“Sponsors are certainly excited about the prospect of Saudi Arabia,” Pelley says. “The very first conversation we had was with Rolex and they immediately said that they wanted it to be part of the Rolex Series [of elite European Tour events]. They were very supportive.
“Performance 54 and IMG are now involved in the event and they are both very optimistic about partnerships. There is definite excitement from a business side about Saudi Arabia hosting a European Tour tournament.”
Proud to have been involved with @performance_54 in developing golf’s newest @EuropeanTour venture into an exciting new market – Saudi Arabia #golfinsaudi #royalgreensgolfclub #troon pic.twitter.com/vP4IH1L0pD
— Jed Moore (@JEDGOLF) March 8, 2018
No golf event could happen without the backing of the players and, despite a lack of knowledge about Saudi Arabia among the Tour’s golfers, Pelley insists all of those he has spoken to are looking forward to landing in the Kingdom.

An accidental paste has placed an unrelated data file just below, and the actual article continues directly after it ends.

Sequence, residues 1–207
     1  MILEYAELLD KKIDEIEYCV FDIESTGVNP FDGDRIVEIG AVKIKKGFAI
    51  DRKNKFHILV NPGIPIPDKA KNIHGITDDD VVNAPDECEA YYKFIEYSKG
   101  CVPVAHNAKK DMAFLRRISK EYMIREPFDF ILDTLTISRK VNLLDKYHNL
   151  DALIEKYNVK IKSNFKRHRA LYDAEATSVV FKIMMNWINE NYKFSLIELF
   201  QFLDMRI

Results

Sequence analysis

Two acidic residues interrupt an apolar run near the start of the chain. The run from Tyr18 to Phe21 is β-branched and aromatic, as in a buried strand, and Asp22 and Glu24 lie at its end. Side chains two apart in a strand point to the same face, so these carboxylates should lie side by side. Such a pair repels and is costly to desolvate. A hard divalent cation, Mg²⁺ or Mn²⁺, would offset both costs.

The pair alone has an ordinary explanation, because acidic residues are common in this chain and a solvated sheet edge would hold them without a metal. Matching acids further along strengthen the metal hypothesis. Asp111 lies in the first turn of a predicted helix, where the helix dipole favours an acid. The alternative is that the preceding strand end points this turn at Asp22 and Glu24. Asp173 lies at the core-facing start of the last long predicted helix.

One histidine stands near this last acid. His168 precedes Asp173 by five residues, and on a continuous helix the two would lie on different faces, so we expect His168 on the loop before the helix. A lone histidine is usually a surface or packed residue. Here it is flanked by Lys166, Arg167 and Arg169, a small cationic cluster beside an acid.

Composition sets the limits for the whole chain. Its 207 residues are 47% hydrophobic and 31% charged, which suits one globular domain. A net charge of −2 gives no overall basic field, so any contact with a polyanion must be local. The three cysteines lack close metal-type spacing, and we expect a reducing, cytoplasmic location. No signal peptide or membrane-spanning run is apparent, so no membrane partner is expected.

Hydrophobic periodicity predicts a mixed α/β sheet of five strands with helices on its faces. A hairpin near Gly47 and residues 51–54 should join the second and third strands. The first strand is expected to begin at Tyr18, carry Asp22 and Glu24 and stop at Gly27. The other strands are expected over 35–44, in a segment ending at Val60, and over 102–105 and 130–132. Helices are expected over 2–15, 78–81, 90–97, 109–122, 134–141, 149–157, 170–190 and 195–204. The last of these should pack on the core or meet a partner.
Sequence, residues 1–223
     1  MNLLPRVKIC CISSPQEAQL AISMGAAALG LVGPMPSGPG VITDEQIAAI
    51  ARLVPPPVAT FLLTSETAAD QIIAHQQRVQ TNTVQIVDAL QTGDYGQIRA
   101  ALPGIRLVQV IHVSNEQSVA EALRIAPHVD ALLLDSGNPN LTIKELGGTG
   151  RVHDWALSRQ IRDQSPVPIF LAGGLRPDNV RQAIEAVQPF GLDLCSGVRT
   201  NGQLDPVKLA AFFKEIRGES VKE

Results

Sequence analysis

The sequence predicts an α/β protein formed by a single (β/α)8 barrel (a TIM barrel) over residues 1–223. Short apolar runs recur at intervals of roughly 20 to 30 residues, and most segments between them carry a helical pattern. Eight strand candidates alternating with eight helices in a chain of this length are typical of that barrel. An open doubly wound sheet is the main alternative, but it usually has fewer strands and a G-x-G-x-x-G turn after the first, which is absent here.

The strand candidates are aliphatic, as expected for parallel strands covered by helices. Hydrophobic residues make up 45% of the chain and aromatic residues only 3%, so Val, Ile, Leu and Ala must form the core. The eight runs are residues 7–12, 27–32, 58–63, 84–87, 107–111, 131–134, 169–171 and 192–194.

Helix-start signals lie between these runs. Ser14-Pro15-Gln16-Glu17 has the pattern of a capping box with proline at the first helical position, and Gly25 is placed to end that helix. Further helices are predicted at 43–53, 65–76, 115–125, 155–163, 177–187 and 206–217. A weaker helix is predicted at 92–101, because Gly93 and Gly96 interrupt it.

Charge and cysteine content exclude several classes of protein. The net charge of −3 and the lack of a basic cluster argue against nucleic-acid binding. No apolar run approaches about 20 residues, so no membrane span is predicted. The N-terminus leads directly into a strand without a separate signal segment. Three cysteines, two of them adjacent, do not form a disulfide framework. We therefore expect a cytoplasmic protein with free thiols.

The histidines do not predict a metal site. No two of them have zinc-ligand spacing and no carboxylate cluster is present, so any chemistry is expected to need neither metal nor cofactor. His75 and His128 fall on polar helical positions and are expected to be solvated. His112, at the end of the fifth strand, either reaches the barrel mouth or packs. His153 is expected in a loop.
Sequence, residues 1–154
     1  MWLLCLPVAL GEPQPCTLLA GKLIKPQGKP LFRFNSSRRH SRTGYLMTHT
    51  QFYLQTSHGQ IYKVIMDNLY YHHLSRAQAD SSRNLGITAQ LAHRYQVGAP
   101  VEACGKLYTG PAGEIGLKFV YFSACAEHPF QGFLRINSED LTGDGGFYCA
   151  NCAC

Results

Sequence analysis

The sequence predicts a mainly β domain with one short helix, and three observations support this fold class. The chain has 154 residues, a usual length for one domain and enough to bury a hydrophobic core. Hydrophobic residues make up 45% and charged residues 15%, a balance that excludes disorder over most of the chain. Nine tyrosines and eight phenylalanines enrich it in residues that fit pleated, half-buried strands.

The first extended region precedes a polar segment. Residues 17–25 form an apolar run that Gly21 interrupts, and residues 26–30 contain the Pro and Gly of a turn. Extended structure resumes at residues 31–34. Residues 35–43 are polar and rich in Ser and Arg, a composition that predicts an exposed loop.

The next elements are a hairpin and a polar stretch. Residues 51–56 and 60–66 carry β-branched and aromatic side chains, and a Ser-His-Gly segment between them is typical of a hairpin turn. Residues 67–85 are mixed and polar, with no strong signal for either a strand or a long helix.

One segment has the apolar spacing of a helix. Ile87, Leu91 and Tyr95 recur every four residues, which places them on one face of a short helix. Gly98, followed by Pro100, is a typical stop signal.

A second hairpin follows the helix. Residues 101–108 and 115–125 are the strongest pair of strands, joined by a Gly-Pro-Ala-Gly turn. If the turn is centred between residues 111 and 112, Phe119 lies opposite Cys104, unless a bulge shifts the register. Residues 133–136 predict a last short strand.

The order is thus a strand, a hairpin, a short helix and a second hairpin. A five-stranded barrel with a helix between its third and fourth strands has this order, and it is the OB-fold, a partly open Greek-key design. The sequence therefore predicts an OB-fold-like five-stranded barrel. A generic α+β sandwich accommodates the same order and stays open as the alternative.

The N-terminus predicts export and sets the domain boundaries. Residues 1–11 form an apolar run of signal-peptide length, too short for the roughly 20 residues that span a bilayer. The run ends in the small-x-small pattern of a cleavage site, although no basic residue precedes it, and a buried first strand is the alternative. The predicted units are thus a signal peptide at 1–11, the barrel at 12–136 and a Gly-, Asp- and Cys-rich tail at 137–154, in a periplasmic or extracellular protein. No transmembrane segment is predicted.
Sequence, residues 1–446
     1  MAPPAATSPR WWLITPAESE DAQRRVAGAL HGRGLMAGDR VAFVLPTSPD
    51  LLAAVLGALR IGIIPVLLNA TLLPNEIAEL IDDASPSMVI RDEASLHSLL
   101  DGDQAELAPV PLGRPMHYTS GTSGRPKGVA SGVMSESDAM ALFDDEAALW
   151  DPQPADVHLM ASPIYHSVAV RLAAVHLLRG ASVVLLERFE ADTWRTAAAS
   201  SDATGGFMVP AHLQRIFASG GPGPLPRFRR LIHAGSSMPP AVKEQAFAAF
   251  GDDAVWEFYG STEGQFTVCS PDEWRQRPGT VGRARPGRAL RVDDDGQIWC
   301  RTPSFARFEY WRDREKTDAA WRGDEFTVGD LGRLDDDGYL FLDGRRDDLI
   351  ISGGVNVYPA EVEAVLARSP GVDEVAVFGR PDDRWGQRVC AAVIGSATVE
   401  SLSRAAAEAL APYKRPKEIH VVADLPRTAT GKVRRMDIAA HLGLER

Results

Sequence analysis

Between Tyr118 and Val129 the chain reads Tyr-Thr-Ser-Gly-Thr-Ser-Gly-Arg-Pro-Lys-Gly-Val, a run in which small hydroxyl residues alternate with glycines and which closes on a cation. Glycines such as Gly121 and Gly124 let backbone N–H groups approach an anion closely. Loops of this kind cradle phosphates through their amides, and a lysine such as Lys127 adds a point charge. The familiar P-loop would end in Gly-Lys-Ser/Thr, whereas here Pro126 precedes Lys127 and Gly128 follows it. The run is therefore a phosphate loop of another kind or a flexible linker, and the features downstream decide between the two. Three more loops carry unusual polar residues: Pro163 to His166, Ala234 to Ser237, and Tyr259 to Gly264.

“There are many reasons why the players decide to play events: ranking points, prize fund, location, how it fits on the schedule and, of course, the golf course. These are the five key elements that determine how they will make their decision but the quality of the golf course is very high on the priority list.
“Very few conversations I have with players don’t at least include some discussion of the golf course. They want to know what the practice facilities are like, what the accommodation is like.
“The players trust us when we say Saudi Arabia has a world class course and even if they didn’t, Ernie Els and Andrew ‘Beef’ Johnston are playing at the Royal Greens grand opening this weekend! I’m sure they will report back on a positive experience and that will only encourage more players.
“Across the board, our golfers love playing in the Middle East. They feel incredibly safe there, they are treated exceptionally well and all of our host courses are terrific. Every player I have spoken to is excited and optimistic about the event in Saudi Arabia.”
Next January’s event will join the Middle East’s two customary early-season showpieces, the Dubai Desert Classic at Emirates Golf Club and the Abu Dhabi HSBC Championship in the UAE Capital.